The banking industry’s reputation suffered considerably in the aftermath of the 2008 financial crisis, with the most vociferous backlash coming from the consumer. The need to rebalance the books and respond to costly regulation had led some banks to stem the flow of credit to small and medium-sized entities, avoid investing in the digital customer experience and ultimately resist downward pressure on profitability. Away from the regulatory spotlight, a revolution was under way: Financial technology (‘FinTech’) firms, with a fresh outlook and a customer-centric approach, breathing new life into the financial services industry. A firm grip on the customer experience differentiated FinTechs from incumbents and has been vital to their proliferation. Large financial institutions must now seriously consider whether these disruptive FinTechs are valuable partners or represent “the four horsemen of the e-pocalypse” and the end to their reign as the gatekeeping institutions that dominate the global economy.
A Fresh Approach and an Investment Surge
FinTech is a relatively new and burgeoning sector “but in capital markets at least, technology and technological innovation has been a critical part of the financial system for centuries”. Traders’ unquenchable thirst for a competitive edge has been alive and well since the 18th century, with options to facilitate high-speed trade networks being explored and developed at an impressive rate: the telegraph displacing high-speed horses was arguably the most groundbreaking invention of its time. FinTechs have in fact been around for almost two decades, with PayPal often considered the pioneer after its establishment in 1998. However, recent years have seen exponential growth in FinTech start-ups and, according to FinTech Global, “more than $158bn has been invested in FinTech companies globally since 2014, with funding nearing $40bn in 2017”. H1 2018 is already a record year with $41.7bn ploughed into the sector worldwide, surpassing last year’s record total in half the time! (Fig. 1).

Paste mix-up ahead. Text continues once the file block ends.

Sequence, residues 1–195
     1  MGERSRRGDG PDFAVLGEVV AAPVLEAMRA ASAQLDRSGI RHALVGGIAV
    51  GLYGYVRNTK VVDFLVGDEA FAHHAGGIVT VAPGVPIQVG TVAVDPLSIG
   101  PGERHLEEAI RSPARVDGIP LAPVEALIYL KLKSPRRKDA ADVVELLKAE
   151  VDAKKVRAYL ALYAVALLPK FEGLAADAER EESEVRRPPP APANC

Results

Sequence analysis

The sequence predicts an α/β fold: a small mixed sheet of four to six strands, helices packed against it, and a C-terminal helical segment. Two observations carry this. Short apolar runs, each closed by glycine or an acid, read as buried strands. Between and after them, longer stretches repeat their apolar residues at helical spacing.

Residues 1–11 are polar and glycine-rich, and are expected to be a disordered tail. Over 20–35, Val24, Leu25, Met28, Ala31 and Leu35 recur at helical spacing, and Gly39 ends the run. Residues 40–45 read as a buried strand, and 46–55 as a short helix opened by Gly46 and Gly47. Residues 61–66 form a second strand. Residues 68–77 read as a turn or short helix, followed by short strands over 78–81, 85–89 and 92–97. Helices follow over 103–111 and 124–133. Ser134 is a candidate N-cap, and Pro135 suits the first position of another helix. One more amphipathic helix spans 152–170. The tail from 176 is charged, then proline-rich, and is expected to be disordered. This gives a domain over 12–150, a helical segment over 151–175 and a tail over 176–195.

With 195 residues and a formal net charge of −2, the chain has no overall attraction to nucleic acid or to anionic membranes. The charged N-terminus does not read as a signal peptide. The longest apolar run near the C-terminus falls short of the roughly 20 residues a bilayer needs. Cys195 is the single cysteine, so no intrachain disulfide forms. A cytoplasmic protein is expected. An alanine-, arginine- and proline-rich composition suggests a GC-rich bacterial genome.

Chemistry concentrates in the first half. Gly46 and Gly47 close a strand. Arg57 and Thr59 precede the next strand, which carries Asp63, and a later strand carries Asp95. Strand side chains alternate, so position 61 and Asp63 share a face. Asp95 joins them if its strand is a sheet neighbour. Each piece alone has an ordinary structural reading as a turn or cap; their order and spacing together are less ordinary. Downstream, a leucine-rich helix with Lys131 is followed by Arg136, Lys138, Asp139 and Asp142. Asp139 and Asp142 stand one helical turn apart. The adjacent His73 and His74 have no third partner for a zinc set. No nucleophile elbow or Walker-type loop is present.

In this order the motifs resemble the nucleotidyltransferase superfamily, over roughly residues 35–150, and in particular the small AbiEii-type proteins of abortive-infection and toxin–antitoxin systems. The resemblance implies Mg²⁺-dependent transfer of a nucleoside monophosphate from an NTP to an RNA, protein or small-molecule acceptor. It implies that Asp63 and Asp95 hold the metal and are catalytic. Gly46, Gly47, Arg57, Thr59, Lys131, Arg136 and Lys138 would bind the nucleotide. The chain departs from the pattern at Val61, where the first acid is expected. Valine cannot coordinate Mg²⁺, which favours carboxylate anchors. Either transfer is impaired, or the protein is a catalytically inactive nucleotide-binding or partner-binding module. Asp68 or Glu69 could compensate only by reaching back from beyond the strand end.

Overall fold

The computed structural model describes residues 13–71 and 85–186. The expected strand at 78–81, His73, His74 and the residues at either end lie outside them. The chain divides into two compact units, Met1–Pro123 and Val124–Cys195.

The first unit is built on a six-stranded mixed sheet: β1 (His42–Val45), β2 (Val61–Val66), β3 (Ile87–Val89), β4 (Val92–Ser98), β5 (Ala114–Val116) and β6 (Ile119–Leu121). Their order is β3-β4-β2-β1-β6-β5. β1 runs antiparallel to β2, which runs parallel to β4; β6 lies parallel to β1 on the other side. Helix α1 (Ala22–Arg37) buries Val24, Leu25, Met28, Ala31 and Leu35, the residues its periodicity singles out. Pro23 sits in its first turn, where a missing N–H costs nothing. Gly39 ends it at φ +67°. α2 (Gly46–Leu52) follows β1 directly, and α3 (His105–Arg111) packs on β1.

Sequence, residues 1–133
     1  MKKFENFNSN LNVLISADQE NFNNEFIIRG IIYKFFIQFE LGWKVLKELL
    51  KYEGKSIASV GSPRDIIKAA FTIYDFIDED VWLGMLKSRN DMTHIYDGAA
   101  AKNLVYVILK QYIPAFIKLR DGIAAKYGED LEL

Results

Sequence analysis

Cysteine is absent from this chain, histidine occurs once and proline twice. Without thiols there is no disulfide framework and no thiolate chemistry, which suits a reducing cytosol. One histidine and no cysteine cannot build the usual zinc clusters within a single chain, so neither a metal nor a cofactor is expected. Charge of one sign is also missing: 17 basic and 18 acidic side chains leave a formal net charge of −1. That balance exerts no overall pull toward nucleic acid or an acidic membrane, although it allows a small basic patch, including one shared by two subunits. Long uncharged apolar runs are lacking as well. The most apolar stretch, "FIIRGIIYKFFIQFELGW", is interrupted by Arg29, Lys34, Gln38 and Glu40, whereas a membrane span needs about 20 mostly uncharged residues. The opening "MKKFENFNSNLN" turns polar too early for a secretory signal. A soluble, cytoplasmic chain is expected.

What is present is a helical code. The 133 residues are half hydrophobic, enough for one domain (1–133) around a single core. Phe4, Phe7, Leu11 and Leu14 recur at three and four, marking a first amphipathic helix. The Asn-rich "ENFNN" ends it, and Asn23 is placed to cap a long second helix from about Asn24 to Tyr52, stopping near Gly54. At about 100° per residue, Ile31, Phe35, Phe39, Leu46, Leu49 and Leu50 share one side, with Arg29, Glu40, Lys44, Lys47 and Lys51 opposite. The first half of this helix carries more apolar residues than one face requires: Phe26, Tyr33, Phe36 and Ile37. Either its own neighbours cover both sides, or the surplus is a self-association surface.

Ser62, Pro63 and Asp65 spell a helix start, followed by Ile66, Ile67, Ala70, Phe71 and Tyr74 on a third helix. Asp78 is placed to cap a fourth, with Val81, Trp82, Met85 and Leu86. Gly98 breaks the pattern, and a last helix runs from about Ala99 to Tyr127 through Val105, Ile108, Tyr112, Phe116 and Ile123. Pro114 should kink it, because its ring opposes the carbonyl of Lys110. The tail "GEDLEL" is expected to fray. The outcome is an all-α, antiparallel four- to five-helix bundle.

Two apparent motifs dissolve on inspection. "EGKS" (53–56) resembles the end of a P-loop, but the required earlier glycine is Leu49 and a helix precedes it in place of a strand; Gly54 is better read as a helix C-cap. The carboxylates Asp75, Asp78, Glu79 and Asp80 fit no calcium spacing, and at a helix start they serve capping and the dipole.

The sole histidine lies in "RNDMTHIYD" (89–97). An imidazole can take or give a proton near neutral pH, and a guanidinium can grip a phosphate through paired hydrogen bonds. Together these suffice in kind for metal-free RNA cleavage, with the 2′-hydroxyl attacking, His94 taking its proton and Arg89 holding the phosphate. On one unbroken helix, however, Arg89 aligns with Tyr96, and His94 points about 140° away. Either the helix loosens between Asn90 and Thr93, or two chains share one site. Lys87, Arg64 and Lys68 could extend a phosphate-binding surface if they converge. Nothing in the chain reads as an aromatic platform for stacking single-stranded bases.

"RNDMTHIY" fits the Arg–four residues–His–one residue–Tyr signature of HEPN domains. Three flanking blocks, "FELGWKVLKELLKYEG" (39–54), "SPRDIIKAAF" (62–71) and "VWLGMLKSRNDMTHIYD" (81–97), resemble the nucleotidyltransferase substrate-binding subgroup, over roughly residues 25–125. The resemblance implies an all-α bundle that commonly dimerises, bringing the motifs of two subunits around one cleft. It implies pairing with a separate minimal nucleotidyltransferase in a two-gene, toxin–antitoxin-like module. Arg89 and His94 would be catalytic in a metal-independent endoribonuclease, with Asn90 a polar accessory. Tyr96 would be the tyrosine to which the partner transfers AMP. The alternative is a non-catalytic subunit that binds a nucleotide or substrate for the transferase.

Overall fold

FinTechs have sunk their technologically innovative claws into traditional banking domains such as payments, lending, trading, investing, money transfers and financial planning. The rise of the smartphone and the digitization of the financial services industry has enabled FinTechs to attack different links in banking’s value chain, revolutionizing the way banks interact with their customers. It is FinTechs’ ability to bridge the gap between the services a traditional bank provides and what today’s customer wants that makes them so valuable to the financial services sector.
Friends or Foes?
While it is tempting to perceive FinTechs and incumbents as arch rivals who have locked horns in a battle for supremacy, the opposite seems to be true. When considering their response to this aggressive FinTech surge, the banks had a few options: emulation, collaboration, acquisition or a mixture of all three. Indeed, banks have realized that partnering with and leveraging the customer centric expertise of FinTechs is the most sure-fire way to gain a competitive edge. This is a mutually beneficial relationship, however, with FinTechs also standing a far better chance of survival and growth if they leverage the infrastructure, wealth of data and access to capital that incumbents possess rather than embark on the arduous task of becoming a de novo bank, with regulatory barriers to entry being the most obvious roadblock. Technologies that the capital markets community are leveraging to drive efficiencies, increase revenue and enhance the customer experience include: Cloud Computing, Big Data, Biometrics, Artificial Intelligence (AI), Machine Learning, Open Application Programming Interfaces (APIs), Robotic Process Automation (RPA) and Blockchain / Distributed Ledger Technology (DLT). All stand to drastically change the banking industry as we know it.